It organizes, operates, and manages data by using mature database technologies. However, the performance bottleneck is also inevitable because of the extra cost for data model transformation when accessing Cloud Software requirements data within a non-RDF persistent storage.

4.1.3. Native Storage Schema

It enhances storage and data access performance, as the Cloud Software needs large amount of Cloud Software requirements, as well as the relational model and ontology graph model in the data model conversion prone to impedance mismatch effect. OWL specification defines a mapping OWL ontology into an RDF graph . In fact, a Cloud Software requirement is defined as a set of triples, a formal definition is given as follows.

Definition 1. Suppose that is an RDF graph, where , and , stands for an infinite set of URI references, for an infinite set of blank nodes, and for an infinite set of RGPS literals.

We design a concise storage scheme as the class diagram shown in Figure 3, which is implemented on Berkeley DB. GraphVertex represents a vertex in and has three fields: oid, label, and type. Oid has the type of integer with the length of 64 bits and is used to uniquely identify a vertex. Label is a variable length string used to record the value of URI reference or literal. Type is also a 64-bit integer designed to encode specific semantic information of the vertex in a bitmap manner. GraphEdge represents an edge, where srcVertex, typeVertex, and tarVertex correspond to the oids of three elements of a triple [12].

The native persistent storage takes the hypergraph representation for Cloud Software requirement as the data model, which effectively avoids the costs of data model transformation, and thereafter achieves an efficient and scalable access to the RDF data.

4.2. Cloud Software Requirements Indices Schema

The data indexing helps to ease the search of and access to data at any given time. Most of the approaches maintain a set of six indices covering all possible access schemes an RDF query may require. These indices are PSO, POS, SPO, SOP, OPS, and OSP ( stands for property, for object, and for subject) [13]. These indices materialize all possible orders of precedence of the three RDF elements. This representation allows fast retrieval of all triple access patterns. Otherwise, it is oriented to towards simple statement-based queries and has limitations for efficient processing of more complex queries.

Besides the above set of six indices, there exists another approach to facilitating complex queries. The approach is based on the so-called an ordered index with keywords (see Figure 4) which are structures built on Lexion and placement table (postings). Lexion takes charge of keywords related to postings. Placement table is designed as two-dimensional pointer list: one includes pointers related to software requirements documents; another includes pointers pointing to the same requirements documents where keyword-included triples and records statistics of its frequency exist.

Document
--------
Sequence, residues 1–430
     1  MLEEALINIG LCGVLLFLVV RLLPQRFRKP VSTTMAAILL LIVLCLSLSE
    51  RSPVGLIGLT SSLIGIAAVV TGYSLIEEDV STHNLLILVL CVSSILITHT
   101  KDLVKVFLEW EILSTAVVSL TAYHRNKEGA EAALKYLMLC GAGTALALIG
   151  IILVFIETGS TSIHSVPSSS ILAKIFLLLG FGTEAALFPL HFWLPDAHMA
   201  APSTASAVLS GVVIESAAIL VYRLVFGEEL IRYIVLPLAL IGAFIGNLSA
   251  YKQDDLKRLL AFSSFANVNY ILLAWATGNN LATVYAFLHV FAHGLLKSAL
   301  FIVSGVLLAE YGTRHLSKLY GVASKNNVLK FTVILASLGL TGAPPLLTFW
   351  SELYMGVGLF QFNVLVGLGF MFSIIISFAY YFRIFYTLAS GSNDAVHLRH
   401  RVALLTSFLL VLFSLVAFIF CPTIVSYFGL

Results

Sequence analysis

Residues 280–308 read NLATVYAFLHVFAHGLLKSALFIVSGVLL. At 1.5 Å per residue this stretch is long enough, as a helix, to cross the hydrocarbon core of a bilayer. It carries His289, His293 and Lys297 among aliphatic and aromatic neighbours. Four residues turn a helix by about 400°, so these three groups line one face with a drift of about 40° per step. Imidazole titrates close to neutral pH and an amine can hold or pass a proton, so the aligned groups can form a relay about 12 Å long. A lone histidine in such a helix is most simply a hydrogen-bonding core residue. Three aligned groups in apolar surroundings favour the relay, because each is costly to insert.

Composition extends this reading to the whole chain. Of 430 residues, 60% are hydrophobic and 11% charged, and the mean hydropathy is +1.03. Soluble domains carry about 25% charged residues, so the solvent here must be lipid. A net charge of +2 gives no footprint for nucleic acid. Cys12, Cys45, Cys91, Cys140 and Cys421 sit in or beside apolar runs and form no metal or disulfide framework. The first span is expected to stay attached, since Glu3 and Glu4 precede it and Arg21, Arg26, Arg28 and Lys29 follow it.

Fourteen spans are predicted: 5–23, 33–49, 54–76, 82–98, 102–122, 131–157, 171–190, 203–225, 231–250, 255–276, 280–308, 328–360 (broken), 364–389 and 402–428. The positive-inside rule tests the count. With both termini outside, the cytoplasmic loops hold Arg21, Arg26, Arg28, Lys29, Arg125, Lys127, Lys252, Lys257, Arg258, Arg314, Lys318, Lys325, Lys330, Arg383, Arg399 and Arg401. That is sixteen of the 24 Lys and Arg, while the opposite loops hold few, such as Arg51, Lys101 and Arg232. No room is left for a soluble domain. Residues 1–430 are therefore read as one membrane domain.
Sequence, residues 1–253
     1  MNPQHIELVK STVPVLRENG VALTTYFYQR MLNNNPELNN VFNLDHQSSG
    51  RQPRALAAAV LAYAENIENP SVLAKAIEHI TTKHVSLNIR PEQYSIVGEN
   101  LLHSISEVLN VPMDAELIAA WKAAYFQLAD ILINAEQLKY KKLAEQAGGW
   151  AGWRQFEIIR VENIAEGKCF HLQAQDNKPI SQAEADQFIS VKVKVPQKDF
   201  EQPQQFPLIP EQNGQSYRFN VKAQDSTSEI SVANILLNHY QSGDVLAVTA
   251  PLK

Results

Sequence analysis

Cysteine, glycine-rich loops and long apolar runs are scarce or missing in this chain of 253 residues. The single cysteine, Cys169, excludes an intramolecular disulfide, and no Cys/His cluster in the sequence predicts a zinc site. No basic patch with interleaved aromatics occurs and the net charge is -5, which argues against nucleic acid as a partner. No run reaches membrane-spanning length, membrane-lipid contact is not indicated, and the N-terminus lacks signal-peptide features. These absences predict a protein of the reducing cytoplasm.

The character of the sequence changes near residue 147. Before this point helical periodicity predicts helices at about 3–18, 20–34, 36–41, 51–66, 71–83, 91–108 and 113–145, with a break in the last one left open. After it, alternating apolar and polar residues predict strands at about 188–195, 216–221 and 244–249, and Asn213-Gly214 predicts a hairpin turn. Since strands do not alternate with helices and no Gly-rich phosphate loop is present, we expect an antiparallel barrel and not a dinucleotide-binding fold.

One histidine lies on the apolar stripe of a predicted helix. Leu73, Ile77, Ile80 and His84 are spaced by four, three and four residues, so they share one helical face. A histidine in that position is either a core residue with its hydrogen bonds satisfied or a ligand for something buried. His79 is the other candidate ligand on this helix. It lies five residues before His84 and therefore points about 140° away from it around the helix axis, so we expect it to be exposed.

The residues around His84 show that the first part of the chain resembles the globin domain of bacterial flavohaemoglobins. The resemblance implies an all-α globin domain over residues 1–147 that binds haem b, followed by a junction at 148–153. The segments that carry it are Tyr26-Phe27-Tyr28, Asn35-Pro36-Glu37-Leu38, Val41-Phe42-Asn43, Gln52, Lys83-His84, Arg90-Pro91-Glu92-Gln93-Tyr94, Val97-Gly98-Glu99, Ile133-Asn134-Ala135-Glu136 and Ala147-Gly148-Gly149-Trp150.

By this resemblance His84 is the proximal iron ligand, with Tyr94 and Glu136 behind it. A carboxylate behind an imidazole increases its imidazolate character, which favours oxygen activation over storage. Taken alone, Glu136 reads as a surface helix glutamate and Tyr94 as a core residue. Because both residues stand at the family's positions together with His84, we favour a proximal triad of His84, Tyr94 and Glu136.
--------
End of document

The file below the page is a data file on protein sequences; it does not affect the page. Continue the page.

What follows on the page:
The first dimension pointer can easily obtain network software requirements document related to the keywords. The second dimension pointer can determine the exact triple where the keyword appears and also returns relevant statistical information. Thus, requirements indices schema can ensure fine-grained retrieval and fast keyword search.

4.3. Cloud Software Requirements Instances Classification

Based on metamodel frame RGPS, classification algorithms (such as SVM, linear CRFs) are used to achieve the effective organization of Cloud Software requirements and automatic classification. The No Free Lunch (NFL) [14] theorem suggests that a more useful strategy is to gain an understanding of the dataset characteristics that enable different classification algorithms perform well. Figure 5 shows the general process of automatic classification of Cloud Software requirements. Obviously, classification algorithm is crucial to automatic classification of Cloud Software requirements. An algorithm’s performance is measured on both the percentage of correct classifications and computational complexity.

In document summarization area, many classification algorithms consider the summarization task as two classes and classify each sentence individually without leveraging the relationship among sentences. One is in a discriminative way with well-known algorithm such as support vector machine (SVM). SVM is to find the decision surface that maximizes the margin between the data points of the two classes. Yet, as Cloud Software follows metamodel frame RGPS, its feature space is so large and dependent that makes SVM algorithm cannot fully exploit the potential useful features.

Conditional random fields (CRFs) are a probabilistic framework for labeling and segmenting structured data, such as sequences, trees, and lattices. Taken concept instance, attribute, and attribute value of Cloud Software requirement as three entities, if there is a relationship among the concept instance, attribute, and attribute value, it is marked 1; otherwise it is marked 0. Input sequences of CRFs are attribute value and edge. Suppose the attribute value sequence and corresponding edge sequence , the probability of conditioned on defined in CRFs, , is as follows:where is the normalization constant that makes the probability of all state sequences sum to one. is an arbitrary feature function over entire observation sequence while is a feature function of state at position and the observation sequence; are the weights learned for the feature functions and , reflecting the confidence of feature function. The feature functions can measure any aspect of a transition for , and the global characteristics of .